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Fun Project for the NY Transit Museum


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I presently work at the Transit Museum portraying a BRT Conductor from 1920. I travel through time to the present day to visit the BRT Standard, and tell school groups a little about the subway and about being a conductor in 1920.


I'm hoping I can get some anecdotes, stories, advice, general ideas on a new project that will become a part of the museum's summer program in July.


I'm just beginning work on a new "character" that will become a part of the interpretive offerings at the museum this summer. The character is to be a "Subway Buff," who volunteers his time as an electrician on the opening of the Transit Exhibition in 1976. He's a little off-the wall and lots of fun. To make a kid-friendly subway buff from 1976 I'll probably be wearing bell-bottom jeans and a Grateful Dead T-shirt and will have a boom box with 70s music on it. Need to have my pockets stuffed with "buff stuff" I can take out and make the kids gasp at (not just "look at." "Gasp at." It's only a twenty minute presentation performed several times a day, so every bit has gotta have maximum impact). I can envision him talking about the Yankees while he takes be batteries out of his boombox to impress the kids with a quick construction of a homopolar motor.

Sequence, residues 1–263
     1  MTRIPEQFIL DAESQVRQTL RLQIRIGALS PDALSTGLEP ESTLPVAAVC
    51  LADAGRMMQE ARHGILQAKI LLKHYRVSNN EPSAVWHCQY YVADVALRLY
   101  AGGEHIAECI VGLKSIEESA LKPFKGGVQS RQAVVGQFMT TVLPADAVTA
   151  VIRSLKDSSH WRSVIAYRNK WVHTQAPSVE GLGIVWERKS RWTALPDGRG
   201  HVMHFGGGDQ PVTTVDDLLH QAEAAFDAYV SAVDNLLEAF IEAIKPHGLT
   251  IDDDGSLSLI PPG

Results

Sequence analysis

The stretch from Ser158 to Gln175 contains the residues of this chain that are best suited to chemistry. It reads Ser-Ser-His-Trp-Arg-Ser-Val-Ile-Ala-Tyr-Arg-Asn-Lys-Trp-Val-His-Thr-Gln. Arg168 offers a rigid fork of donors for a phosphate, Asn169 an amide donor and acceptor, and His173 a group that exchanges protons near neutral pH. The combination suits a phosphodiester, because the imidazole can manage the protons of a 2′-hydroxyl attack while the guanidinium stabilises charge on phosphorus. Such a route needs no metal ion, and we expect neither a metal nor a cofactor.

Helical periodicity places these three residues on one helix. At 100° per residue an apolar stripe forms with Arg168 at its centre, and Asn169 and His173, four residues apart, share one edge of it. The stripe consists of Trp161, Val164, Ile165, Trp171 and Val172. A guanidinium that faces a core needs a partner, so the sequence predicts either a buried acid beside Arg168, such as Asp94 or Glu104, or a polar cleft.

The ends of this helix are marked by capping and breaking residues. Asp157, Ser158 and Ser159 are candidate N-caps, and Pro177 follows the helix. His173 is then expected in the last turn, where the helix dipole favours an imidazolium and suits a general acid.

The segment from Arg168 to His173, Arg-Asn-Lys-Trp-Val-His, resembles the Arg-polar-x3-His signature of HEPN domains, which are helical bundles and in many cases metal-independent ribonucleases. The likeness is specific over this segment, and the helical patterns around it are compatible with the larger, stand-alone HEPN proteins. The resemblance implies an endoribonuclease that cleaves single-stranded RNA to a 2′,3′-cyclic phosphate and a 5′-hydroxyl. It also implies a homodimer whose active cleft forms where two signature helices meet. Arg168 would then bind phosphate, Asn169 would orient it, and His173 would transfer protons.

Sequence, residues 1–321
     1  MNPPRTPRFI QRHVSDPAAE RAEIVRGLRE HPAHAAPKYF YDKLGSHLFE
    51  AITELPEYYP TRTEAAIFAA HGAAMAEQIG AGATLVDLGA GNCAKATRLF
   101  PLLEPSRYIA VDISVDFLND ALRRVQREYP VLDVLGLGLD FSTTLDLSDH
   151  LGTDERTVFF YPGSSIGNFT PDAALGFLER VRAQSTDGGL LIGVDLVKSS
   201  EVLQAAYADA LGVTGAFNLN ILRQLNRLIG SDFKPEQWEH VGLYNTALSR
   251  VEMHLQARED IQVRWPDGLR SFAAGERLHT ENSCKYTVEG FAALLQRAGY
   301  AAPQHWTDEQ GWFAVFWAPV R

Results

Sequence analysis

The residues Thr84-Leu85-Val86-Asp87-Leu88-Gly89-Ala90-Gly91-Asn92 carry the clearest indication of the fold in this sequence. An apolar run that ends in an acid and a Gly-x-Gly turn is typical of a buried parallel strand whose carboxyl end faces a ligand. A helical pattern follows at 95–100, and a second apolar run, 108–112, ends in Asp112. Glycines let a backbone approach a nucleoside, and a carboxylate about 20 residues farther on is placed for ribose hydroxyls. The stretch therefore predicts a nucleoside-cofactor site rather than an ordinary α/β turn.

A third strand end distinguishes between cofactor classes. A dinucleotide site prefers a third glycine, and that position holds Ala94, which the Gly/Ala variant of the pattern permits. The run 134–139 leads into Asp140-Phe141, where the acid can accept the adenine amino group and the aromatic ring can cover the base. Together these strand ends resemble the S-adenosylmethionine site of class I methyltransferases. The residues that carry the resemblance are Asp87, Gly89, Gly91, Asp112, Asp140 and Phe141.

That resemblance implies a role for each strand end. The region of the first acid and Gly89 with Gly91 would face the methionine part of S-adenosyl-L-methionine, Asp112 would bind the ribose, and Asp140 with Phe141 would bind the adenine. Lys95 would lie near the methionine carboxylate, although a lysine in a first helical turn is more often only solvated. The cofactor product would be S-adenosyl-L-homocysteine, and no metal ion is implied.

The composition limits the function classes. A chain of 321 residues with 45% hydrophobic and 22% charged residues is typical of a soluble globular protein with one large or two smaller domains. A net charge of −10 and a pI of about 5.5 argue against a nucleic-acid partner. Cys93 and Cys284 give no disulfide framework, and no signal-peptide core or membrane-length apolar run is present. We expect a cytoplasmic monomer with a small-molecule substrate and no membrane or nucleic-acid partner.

The name of the game for this particular presentation is "Fun." The target audience is quite young, and since they are summer camp groups (as opposed to school groups) the actual transmission of information is secondary to giving the kids an appreciation--through laughter and wonder--of a bygone era and a bit of curiosity about the spirit and passion of the men and women who cared so deeply about the transit system that they volunteered enormous amounts of time to develop a temporary exhibition to salute it. (The exhibition, of course, proved so popular that it became the permanent museum we have now).


BTW, this presentation is to mark the 35th anniversary of the opening of that original exhibition in 1976.


I'm open to ideas of all sorts! Let's play! Anybody?


Thanks--Jonathan Ellers

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